A recent study has focused on the potential of this probiotic to colonize the GI tract and restore microbiota-host symbiosis, a vital component in the treatment of gastrointestinal illnesses such as SIBO.
Multiple lactobacillus strains have probiotic properties that are beneficial for SIBO, as indicated by the findings of this clinical investigation that supplementation with Lactobacillus casei and Lactobacillus acidophilus was successful in treating bacterial overgrowth and accompanying symptoms in IBS patients.
In addition, a 2019 study published in the Journal of Probiotics and Antimicrobial Proteins found a promising reduction in SIBO prevalence and symptoms in patients who took a four-strain probiotic including L. acidophilus, Lactobacillus Plantarum, and the previously mentioned S. boulardii.
Beneficial bacteria, or probiotics, help largely to maintain a healthy balance in the body. Consider keeping a neutral body stance.
During illness, dangerous microorganisms enter the body and proliferate. This causes the body to lose its equilibrium.
Beneficial bacteria aid in the elimination of pathogenic bacteria and the restoration of internal balance, resulting in enhanced health.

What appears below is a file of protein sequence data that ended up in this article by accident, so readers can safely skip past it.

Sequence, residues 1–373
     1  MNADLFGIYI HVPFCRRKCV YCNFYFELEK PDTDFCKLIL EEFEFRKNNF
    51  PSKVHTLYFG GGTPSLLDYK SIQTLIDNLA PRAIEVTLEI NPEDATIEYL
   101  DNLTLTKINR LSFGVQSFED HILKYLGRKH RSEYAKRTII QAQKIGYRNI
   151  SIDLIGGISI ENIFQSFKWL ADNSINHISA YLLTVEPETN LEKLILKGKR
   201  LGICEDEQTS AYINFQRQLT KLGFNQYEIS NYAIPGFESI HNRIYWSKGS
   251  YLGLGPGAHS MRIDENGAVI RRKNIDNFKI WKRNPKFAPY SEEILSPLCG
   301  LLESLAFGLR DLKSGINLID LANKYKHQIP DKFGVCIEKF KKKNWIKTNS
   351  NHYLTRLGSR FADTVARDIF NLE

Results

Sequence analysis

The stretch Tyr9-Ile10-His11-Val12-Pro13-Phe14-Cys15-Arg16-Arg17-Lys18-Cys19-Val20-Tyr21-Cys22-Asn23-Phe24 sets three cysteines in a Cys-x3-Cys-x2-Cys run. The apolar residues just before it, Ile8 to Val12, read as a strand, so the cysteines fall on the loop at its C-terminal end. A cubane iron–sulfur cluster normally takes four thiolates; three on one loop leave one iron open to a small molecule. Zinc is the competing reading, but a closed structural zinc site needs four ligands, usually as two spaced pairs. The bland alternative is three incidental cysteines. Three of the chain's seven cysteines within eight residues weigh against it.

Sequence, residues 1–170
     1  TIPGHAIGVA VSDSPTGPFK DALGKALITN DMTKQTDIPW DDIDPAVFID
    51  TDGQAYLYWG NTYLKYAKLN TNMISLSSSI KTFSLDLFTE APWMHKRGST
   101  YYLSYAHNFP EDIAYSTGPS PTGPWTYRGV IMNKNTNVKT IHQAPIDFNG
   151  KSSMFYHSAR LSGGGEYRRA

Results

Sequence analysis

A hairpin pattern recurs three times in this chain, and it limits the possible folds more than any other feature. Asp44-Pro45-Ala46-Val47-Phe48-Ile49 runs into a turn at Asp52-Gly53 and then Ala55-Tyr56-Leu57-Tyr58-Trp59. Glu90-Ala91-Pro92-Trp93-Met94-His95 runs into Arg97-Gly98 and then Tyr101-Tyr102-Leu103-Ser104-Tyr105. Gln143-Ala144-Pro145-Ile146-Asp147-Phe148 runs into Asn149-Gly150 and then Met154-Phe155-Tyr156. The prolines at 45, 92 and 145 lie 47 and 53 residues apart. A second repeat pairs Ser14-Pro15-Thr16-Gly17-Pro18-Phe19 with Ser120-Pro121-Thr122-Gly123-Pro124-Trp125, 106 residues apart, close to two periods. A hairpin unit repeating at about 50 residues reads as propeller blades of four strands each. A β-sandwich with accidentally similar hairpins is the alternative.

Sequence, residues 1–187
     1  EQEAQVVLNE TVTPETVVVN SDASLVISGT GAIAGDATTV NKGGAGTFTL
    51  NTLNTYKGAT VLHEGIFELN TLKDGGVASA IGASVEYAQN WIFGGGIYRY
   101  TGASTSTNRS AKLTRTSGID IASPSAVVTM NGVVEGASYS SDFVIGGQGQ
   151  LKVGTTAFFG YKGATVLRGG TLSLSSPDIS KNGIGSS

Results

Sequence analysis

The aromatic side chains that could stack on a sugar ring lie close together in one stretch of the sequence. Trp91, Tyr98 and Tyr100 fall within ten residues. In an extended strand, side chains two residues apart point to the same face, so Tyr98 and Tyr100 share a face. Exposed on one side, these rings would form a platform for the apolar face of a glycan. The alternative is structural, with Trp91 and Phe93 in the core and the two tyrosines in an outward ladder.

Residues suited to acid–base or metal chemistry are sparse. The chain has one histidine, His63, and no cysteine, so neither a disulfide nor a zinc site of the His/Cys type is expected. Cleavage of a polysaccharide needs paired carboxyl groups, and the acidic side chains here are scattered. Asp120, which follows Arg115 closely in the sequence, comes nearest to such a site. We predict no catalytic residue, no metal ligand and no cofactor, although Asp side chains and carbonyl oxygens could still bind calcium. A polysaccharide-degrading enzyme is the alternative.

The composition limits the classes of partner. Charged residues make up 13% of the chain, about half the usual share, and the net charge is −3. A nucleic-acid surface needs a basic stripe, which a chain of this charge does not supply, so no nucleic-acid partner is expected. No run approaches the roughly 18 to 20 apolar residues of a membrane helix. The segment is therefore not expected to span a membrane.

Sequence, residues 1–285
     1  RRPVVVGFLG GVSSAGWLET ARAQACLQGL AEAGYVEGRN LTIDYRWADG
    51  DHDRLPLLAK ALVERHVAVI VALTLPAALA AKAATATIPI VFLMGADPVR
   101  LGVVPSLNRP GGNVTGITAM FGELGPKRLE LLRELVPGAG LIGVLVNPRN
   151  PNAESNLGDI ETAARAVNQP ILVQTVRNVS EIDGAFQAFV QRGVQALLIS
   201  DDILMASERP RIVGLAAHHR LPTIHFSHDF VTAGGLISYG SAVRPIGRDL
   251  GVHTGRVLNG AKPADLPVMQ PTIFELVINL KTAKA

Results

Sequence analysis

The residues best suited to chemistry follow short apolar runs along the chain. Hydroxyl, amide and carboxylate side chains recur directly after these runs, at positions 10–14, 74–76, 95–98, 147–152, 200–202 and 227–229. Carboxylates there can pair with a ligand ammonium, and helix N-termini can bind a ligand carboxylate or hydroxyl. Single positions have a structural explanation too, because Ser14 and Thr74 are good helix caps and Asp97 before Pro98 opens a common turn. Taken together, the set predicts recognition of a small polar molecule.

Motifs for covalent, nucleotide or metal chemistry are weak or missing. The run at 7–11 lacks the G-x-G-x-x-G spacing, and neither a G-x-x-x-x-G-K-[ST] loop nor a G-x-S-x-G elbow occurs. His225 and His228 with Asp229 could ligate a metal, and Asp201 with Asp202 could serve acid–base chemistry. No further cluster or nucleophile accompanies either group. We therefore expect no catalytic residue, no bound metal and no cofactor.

Beneficial bacteria improve health by strengthening the immune system and controlling inflammation.
What probiotics may do for the human body is now the topic of a significant amount of study.
Even though there are a lot of potentially positive effects, scientists are still striving to discover how probiotics may benefit the treatment of various diseases.
There are, however, some medical conditions in which probiotics may be advantageous.
This varies from person to person, so what works for one person may not work for another. These may also vary according to the kind of probiotic utilized.
Frequently Asked Questions
Can You Take Something To Increase Good Probiotics In Your Body?
By ingesting certain meals, drinks, and supplements, you may increase the number of good bacteria in your body.
There are certainly already probiotic-containing foods in your diet. Beneficial bacteria are abundant in fermented foods, such as yogurt and pickles.
There are more probiotic-rich fermented drinks, such as kombucha (fermented tea) and kefir (fermented dairy drink).
In addition to food, probiotics are also available as dietary supplements. Since these products are not drugs, the Food and Drug Administration is not required to approve them (FDA).
Before adopting any nutritional supplement or making changes to your diet, you should always see your doctor.
How Effective Are Probiotics?
Researchers are still skeptical about probiotic supplementation’s therapeutic value. This topic is the subject of ongoing study.
Despite the optimistic results of several studies on the benefits of probiotic supplements, further research is necessary.
Dietary supplements, unlike medications, do not have to be FDA-approved. This suggests that manufacturers may only promote dietary supplements based on “claims” of safety and effectiveness.
Always consult a doctor (or pediatrician) before using a dietary supplement or giving one to a child. It is possible for dietary supplements to interact with pharmaceuticals.
Before using a supplement if you are pregnant or breastfeeding, consult your doctor.